The Growth of Radicalism in the Government.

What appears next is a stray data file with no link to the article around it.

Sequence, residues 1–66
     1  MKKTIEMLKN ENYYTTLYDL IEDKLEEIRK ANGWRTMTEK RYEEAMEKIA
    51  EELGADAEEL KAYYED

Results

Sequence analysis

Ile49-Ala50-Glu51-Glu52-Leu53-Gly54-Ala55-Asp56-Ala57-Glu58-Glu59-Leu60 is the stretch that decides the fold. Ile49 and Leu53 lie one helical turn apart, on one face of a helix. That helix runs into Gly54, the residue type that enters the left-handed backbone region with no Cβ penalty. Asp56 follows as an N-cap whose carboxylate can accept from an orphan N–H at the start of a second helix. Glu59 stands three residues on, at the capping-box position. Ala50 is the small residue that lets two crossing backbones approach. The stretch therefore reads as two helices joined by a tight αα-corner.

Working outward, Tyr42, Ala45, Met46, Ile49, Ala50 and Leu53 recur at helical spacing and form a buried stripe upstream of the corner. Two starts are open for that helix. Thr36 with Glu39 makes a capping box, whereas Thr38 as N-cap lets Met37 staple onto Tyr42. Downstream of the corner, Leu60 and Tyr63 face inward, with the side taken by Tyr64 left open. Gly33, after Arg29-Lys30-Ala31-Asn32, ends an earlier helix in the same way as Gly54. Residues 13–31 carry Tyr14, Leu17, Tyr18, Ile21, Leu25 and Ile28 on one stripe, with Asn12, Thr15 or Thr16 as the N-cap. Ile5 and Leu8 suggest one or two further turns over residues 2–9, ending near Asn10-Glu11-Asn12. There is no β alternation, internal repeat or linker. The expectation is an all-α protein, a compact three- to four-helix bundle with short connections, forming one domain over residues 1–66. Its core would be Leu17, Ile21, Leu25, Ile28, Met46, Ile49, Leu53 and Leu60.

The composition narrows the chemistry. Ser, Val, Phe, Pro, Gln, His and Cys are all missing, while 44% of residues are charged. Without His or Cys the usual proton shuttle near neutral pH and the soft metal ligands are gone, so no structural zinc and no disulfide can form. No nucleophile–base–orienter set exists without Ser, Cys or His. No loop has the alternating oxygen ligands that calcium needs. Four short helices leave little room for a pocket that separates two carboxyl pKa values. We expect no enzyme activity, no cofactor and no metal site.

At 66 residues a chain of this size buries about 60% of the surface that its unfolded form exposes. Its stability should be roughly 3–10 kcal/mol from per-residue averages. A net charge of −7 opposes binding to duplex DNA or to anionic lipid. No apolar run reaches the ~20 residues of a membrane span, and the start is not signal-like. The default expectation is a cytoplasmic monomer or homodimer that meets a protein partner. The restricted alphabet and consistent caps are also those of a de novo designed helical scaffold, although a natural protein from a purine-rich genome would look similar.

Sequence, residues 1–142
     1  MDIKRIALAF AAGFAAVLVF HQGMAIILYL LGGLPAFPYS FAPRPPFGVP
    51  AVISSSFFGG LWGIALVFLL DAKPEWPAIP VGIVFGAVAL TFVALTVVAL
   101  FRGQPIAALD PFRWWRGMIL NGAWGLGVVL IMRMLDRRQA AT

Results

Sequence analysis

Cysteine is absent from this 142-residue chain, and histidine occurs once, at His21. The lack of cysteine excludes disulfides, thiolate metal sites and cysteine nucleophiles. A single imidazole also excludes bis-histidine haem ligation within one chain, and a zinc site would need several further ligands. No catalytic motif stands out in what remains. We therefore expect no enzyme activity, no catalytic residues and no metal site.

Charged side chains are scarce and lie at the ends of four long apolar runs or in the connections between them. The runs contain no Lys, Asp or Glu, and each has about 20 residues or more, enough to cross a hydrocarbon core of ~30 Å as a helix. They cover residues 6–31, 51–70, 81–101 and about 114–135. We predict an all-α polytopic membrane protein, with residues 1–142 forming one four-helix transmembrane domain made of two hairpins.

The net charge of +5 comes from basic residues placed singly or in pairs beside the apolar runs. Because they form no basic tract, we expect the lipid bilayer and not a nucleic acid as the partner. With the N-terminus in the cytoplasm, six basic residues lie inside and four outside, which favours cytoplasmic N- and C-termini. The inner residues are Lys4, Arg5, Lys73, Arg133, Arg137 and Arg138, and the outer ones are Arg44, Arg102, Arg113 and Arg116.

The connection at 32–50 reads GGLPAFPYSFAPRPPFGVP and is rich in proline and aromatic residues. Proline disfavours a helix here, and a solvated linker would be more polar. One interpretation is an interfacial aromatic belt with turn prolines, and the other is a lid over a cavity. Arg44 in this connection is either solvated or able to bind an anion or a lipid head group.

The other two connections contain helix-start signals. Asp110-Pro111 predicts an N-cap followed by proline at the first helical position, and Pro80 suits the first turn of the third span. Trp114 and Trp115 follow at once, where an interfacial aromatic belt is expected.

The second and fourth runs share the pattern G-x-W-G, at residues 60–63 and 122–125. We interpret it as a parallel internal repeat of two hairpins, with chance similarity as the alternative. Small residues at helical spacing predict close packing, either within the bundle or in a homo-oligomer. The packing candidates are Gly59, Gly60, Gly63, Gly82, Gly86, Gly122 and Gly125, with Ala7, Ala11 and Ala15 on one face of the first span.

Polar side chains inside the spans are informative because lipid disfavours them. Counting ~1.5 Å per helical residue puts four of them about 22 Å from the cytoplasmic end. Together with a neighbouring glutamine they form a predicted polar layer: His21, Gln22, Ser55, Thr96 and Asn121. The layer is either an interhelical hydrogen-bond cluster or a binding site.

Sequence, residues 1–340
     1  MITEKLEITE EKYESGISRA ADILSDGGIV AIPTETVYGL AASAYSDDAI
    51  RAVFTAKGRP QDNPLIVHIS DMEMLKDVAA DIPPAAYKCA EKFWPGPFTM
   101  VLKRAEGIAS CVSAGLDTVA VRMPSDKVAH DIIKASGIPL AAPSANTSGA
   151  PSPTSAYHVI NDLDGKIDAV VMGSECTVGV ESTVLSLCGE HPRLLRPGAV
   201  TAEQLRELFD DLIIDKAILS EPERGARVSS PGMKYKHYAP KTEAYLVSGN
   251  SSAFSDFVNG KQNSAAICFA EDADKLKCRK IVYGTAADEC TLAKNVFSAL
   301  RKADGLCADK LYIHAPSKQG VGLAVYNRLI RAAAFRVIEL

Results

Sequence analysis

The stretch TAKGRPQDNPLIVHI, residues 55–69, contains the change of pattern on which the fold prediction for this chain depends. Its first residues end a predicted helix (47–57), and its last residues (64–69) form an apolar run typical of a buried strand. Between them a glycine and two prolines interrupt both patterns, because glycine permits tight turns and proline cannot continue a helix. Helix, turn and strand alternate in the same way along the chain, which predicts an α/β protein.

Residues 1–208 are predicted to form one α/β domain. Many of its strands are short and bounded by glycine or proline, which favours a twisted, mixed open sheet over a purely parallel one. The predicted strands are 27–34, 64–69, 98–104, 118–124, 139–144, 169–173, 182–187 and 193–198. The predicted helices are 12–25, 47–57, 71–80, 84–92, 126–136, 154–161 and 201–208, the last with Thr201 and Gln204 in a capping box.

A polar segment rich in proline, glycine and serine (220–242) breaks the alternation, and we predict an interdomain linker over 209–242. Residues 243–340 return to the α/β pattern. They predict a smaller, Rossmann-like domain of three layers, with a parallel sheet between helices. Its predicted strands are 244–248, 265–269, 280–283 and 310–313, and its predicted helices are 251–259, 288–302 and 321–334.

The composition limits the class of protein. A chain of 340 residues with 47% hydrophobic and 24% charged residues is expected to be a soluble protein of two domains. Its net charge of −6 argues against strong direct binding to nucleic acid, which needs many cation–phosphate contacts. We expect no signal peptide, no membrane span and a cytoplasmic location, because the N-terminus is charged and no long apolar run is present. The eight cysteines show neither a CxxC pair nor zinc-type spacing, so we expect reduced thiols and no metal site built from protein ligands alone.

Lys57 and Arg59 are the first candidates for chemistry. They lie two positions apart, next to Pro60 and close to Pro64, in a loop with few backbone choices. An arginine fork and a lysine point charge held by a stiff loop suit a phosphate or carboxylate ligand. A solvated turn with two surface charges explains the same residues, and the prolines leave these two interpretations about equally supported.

On July 17, 1791, the Republicans of Paris massed in the Champ de Mars and demanded that the king be deposed. On the order of Lafayette, who was affiliated politically with the Feuillants, a group of moderate monarchists, the National Guard opened fire on the demonstrators and dispersed them. The bloodshed immeasurably widened the cleavage between the republican and bourgeois sections of the population. After suspending Louis for a brief period, the moderate majority of the Constituent Assembly, fearful of the growing disorder, reinstated the king in the hope of stemming the mounting radicalism and of preventing foreign intervention. Louis took the oath to support the revised constitution on September 14. Two weeks later, with the election of the new legislature authorized by the constitution, the Constituent Assembly was dissolved. Meanwhile, on August 27, Leopold II and Frederick William II, king of Prussia, had issued a joint declaration regarding France, which contained a thinly veiled threat of armed intervention against the revolution.